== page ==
Most of us ask or are asked that question several times a day every day.
But when we ask, most of us don't really care about the answer.
We don't want to hear about how somebody has a sick relative or a problem child or money issues. And the reason is because we have our own troubles.
But, when someone asks us "How ya feelin'?" what do we say?
"Just fine." "Great!" "Wonderful!" "Doin' good."
And in so doing, we routinely disguise our feelings.
But in so many ways, it's our feelings we most trust to guide us.
For example, when my wife and I are trying to choose a restaurant, she'll often ask, "What do you feel like?"
Sometimes people even make life-altering decisions based on their feelings.
In general, we, especially in this country, are undeniably sensual people.
It's the reason advertisers use scantily clad women to sell soda.
It's the reason we know what "impulse buying" is.
Movies are not judged by the acting, but by the "hotness" of the actors.
It's the reason the rap group 2 Live Crew — which couldn't rap, sing, dance or act — was one of the biggest music groups of the '80s.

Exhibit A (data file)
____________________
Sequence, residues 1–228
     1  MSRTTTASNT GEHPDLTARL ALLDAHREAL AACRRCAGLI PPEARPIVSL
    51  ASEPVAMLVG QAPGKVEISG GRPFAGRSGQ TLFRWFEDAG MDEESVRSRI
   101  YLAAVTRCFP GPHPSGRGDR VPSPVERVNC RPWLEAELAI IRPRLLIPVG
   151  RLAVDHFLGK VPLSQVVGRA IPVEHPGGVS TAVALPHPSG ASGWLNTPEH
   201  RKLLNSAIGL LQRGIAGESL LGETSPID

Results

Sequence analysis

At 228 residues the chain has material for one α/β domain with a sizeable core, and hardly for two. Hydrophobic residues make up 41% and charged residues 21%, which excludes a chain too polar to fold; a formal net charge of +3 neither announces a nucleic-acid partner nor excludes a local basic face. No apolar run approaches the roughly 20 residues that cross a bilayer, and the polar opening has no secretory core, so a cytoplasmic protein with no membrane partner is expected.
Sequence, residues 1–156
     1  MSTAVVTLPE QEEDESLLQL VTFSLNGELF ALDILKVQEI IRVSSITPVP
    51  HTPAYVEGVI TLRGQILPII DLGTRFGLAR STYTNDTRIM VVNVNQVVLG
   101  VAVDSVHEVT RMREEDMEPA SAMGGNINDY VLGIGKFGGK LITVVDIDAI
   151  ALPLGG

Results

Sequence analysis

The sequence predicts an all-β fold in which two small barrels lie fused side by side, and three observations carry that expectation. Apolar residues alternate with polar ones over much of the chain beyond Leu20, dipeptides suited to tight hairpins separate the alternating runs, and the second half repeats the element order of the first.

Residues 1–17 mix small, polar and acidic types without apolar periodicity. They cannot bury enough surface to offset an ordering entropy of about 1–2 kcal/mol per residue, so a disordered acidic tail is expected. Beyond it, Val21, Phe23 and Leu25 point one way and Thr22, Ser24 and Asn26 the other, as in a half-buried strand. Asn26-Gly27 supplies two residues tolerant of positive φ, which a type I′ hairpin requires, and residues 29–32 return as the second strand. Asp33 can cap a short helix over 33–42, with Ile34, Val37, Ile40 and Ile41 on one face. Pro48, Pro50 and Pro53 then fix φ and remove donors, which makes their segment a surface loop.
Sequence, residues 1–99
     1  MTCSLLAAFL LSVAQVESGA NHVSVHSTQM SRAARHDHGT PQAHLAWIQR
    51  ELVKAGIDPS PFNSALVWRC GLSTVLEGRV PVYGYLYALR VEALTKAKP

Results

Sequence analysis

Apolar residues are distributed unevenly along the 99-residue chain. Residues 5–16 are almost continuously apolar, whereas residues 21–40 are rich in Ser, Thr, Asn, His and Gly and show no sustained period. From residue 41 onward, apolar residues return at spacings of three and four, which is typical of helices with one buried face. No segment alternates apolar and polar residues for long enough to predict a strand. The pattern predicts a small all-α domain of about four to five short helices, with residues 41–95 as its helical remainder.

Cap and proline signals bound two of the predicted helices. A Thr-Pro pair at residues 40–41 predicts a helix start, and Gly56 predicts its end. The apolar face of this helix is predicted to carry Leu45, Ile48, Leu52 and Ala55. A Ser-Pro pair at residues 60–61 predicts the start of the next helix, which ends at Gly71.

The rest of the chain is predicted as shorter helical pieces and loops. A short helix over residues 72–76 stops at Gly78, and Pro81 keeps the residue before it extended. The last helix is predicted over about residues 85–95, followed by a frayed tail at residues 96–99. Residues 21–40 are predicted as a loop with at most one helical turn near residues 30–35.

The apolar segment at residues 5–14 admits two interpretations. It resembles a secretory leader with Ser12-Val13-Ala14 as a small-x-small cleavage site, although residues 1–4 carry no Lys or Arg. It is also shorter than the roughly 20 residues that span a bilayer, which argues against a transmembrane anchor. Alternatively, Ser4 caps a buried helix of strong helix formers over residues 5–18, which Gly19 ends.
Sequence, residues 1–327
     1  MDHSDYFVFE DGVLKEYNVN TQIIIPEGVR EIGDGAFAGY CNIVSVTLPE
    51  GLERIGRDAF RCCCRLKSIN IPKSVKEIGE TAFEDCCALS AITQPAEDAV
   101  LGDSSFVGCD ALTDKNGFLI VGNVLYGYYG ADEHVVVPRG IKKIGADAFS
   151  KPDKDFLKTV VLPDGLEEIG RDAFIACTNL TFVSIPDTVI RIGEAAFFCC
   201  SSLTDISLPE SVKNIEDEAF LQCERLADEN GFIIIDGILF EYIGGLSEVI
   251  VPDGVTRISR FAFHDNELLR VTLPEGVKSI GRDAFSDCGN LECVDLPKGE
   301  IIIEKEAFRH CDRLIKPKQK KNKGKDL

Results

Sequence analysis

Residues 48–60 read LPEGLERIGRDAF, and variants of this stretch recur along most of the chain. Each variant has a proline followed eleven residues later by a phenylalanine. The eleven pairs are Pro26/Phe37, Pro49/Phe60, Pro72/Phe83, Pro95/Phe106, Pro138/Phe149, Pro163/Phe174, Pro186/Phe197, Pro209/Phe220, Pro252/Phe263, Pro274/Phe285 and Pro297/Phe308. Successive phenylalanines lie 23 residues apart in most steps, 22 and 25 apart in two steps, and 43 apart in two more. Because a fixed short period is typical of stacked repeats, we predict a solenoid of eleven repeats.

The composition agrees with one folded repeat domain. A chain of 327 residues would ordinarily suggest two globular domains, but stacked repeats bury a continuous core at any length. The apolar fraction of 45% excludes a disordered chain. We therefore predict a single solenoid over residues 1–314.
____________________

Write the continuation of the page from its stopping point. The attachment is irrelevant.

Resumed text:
It's an appeal to our basest human desires.
We're driven by our feelings, and many times we allow that mentality to seep into our Christian walk, allowing our feelings to determine when, how, where and to what extent we serve Christ.
I read recently that only about 3 percent of believers have ever attempted to lead anyone to Christ (Matt. 28:19).
I don't claim that statistic to be the gospel truth, but I also don't think it's far off.
How often do we visit the sick and imprisoned, clothe the naked, feed the hungry?
Nevermind helping others, how often do we tend to our own spiritual growth by attending Sunday school, worship service and Bible study, and by regularly reading the Bible on our own?
And what's the main reason we neglect these basic tenets of the faith?
Time and again, the answer is that we simply don't feel like it.
Proverbs 16:3 says: "Commit thy works unto the Lord, and thy thoughts shall be established."
I understand the verse to mean that if we do the things we should for the Lord, then our feelings will follow suit.
For instance: No one wakes up one morning an alcoholic.
At some point, he took a drink. Repetition turned into a habit, and drinking eventually became his character. It's no longer what he does, but who he is.
The same is true for godliness.
How do you become a prayer warrior? Start praying.
How do you become a faithful churchgoer? Start going.
How do you become a giver? Start giving.
Even when you don't feel like it.
Your emotions and feelings can be fuel for your journey with Christ, but they can't be the steering wheel.